The Hague Convention on the Civil Aspects of International Child Abduction, often referred to as simply “the Hague Convention” in family law circles is an international treaty that governs the return of children to their country of habitual residence when they have been abducted to another signatory country. It is important to keep in mind that the Hague Convention only applies to signatory countries (a list of which is included below). If children are abducted to non-signatory countries, the convention does not apply.
The convention applies if a parent wrongfully removes or wrongfully retains a child in a signatory country. A removal or retention is wrongful when:
- It is in breach of rights of custody attributed to a person, an institution or any other body, either jointly or alone, under the law of the State (country) in which the child was habitually resident immediately before the removal or retention; and
- at the time of removal or retention those rights were exercised, either jointly or alone, or would have been so exercised but for the removal or retention.
If a child is wrongfully removed or retained, the country in which they are now located is not to consider the underlying merits of the case; they are supposed to simply send the child back unless:
- The person seeking the return acquiesced to the removal or retention;
- Over a year has passed since the removal or retention;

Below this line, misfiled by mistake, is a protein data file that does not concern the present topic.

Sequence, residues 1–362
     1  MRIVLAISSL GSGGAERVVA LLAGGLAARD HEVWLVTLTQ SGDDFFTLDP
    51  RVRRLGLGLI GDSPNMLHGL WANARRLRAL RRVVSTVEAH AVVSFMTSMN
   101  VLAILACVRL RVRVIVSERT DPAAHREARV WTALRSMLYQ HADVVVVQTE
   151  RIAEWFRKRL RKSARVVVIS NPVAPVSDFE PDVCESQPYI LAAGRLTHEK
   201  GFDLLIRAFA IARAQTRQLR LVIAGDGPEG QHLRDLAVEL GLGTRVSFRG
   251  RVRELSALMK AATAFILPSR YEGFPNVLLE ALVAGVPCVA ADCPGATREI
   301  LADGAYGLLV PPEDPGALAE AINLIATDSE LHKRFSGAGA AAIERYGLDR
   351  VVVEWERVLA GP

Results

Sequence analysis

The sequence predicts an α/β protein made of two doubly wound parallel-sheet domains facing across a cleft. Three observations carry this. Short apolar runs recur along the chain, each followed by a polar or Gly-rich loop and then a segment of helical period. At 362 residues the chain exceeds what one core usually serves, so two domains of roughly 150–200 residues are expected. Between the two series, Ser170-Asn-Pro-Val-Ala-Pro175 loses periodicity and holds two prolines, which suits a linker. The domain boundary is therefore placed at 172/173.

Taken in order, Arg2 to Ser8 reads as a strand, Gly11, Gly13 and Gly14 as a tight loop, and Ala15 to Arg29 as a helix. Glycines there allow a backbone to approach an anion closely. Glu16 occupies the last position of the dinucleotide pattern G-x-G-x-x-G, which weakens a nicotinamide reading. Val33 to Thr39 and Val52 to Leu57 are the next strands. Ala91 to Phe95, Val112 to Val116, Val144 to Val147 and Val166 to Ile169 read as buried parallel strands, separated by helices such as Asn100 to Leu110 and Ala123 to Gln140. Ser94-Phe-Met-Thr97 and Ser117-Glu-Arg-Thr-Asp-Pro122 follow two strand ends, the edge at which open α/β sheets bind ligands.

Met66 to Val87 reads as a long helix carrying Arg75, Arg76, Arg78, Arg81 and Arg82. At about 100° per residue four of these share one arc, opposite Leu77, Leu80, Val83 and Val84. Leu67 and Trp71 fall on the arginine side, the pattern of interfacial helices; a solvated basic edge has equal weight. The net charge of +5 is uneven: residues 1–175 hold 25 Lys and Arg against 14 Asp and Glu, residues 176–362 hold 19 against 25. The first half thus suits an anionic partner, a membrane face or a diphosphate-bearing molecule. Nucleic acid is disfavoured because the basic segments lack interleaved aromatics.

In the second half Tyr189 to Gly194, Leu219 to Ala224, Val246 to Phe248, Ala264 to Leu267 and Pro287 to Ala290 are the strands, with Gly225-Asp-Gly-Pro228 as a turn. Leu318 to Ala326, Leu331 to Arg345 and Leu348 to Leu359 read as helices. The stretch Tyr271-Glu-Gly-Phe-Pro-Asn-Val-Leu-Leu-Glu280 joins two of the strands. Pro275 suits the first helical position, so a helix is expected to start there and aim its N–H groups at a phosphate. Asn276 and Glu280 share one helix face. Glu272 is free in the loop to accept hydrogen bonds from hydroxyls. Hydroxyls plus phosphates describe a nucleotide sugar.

- The person seeking the return was not actually exercising custody rights;
- There is a grave risk of harm to the child if they are returned;
- The child does not want to return and they are old and mature enough* that it is appropriate for the court to take account of their views; or
- The child would be subject to violation of human rights and fundamental freedoms.
*”Old and mature enough” is determined on a case-by-case basis but the general guideline is that a child should be at least 12 or 13 years old.
The way the convention is structured is important because it prevents parents from abducting children to other countries and then trying to litigate the best interests of the child in that other country. It requires the court where the child is present to send the child back to the country where they were habitually resident for the underlying issues to be determined.
To initiate Hague proceedings, the left behind parent contacts their own government who will have some form of central authority for dealing with Hague applications. In BC the Ministry of Justice has a specific lawyer assigned to this task. For more information click HERE. The government of the habitual residence of the child then contacts the government of the country where the child is now located to initiate the Hague proceedings. Often, the left behind parent receives legal representation in the country where the child is located for free.
Because of the time limits, as well as the fact that the process takes some time, it is important to take prompt steps if a child has been abducted. While the actual Hague convention process is handled by the government, a lawyer familiar with the process can assist you in ensuring that there are no snags, and with dealing with the ancillary issues that are likely to arise.
Click here for a list of the current signatories to The Hague Convention on the Civil Aspects of International Child Abduction.